Eric P. Newman reflects on life, looks ahead
- Published: May 29, 2011, 8 PM
Anyone who doubts that a man who has reached his 100th year could still have a sense of humor has never met Eric P. Newman.
Shortly before his 100th birthday on May 25, he was asked how he would like to be remembered and Newman quickly responded, “I am not dead yet so do not write a premature obituary.”
“My mother died when she was 55 and my father when he was 65 — I’m the lucky one,” Newman said. “Medicine and numismatics have kept me alive.”
Collectors have no farther than their bookshelves to see evidence of Newman’s enthusiasm for numismatics, filled with works about early American coins and paper money considered the standards on their subjects. And he is most certainly not done in his research and writing career either. He is currently working with a collaborator on a numismatic research project, but refused to provide details on the topic.
To describe Newman as a prolific writer and researcher is like saying the Rocky Mountains are a nice pile of stones.
He is the author or co-author of The Early Paper Money of America; The Fantastic 1804 Dollar, with Kenneth E. Bressett; The 1776 Continental Currency Coinage & Varieties of the Fugio Cent; and U.S. Coin Scales and Counterfeit Coin Detectors, with A. George Mallis, to name a few of his writing accomplishments.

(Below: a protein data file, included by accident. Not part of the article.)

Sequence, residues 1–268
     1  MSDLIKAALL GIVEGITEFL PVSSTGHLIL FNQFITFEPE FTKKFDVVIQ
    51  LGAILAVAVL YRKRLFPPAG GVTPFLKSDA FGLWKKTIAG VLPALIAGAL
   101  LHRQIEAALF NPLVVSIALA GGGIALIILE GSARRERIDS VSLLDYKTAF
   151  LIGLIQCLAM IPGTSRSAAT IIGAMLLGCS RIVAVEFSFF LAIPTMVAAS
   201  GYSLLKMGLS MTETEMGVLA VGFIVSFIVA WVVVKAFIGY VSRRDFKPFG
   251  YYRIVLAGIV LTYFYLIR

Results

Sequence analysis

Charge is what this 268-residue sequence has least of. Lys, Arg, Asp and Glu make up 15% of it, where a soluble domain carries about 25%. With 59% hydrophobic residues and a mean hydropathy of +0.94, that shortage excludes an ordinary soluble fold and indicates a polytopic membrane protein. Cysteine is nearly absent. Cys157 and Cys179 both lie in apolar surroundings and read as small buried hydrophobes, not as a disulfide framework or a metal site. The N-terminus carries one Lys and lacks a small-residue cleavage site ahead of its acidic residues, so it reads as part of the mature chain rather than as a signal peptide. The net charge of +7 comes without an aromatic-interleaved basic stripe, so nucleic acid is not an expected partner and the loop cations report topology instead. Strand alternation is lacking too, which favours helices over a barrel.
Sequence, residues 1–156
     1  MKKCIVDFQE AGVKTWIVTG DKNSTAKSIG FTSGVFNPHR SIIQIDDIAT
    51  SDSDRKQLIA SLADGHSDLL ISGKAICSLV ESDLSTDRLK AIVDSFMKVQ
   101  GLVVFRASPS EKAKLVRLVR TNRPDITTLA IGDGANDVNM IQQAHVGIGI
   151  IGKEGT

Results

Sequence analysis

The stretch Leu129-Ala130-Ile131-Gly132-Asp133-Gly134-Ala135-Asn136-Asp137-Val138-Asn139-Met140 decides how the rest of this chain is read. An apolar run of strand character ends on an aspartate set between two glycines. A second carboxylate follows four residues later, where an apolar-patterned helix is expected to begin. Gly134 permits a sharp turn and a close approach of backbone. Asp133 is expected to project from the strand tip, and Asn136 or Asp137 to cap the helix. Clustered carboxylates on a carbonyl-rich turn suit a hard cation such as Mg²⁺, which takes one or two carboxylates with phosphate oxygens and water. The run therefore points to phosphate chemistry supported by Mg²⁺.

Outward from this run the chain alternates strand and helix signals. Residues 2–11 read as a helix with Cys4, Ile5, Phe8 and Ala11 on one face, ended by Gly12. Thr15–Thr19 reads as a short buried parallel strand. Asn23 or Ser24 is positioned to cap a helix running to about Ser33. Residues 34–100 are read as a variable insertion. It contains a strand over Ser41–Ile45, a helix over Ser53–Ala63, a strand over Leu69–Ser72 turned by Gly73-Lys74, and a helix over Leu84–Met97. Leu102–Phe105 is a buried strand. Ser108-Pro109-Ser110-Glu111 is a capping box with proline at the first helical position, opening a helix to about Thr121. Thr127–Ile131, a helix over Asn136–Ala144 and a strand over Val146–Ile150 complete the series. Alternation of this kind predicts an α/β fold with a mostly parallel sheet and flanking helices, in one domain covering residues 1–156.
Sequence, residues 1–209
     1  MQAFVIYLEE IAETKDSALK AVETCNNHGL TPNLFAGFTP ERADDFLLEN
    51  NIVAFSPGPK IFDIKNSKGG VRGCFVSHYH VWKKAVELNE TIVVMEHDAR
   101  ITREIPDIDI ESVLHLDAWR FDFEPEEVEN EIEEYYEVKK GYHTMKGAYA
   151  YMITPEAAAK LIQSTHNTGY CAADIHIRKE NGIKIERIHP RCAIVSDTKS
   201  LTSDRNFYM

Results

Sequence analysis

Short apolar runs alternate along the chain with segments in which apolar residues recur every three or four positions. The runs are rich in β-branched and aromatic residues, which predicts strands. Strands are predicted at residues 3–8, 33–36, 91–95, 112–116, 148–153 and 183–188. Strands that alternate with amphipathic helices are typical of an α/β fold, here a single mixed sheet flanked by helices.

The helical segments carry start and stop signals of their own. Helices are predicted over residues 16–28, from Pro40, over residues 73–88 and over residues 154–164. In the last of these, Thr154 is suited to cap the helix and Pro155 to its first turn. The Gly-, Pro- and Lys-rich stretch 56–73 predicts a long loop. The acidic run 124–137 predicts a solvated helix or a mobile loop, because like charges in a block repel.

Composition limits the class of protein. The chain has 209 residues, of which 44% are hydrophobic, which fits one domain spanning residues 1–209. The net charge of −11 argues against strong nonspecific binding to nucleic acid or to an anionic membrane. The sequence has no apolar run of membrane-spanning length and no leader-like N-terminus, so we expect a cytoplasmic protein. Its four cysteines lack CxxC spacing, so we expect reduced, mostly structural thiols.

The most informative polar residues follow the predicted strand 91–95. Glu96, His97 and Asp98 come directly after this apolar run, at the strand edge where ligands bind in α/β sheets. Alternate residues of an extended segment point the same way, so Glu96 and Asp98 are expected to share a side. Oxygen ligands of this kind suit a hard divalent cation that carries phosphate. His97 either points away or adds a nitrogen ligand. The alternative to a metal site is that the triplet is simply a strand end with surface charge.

In addition, Newman has written hundreds of articles for periodicals, including Coin World; the American Numismatic Association’s magazine, The Numismatist; the Society of Paper Money’s journal, Paper Money; and the American Numismatic Society’s publications and other numismatic publications.
When asked the secret to the many writing and research collaborations he has experienced, Newman said, “Circumstances develop where two people can work together [on a problem] that would be difficult for one person to do alone.”
The Fantastic 1804 Dollar, written with Ken Bressett, is just one of several examples of collaboration he offered.
“Ken had all the information about who owned the 1804 dollars and general information about the coins but I was interested in studying the technique of how the coins were made,” Newman said. “The combination was absolutely perfect — I was doing one part of the research and he was doing the other. I submitted all my work to him and that’s how we wrote the book.”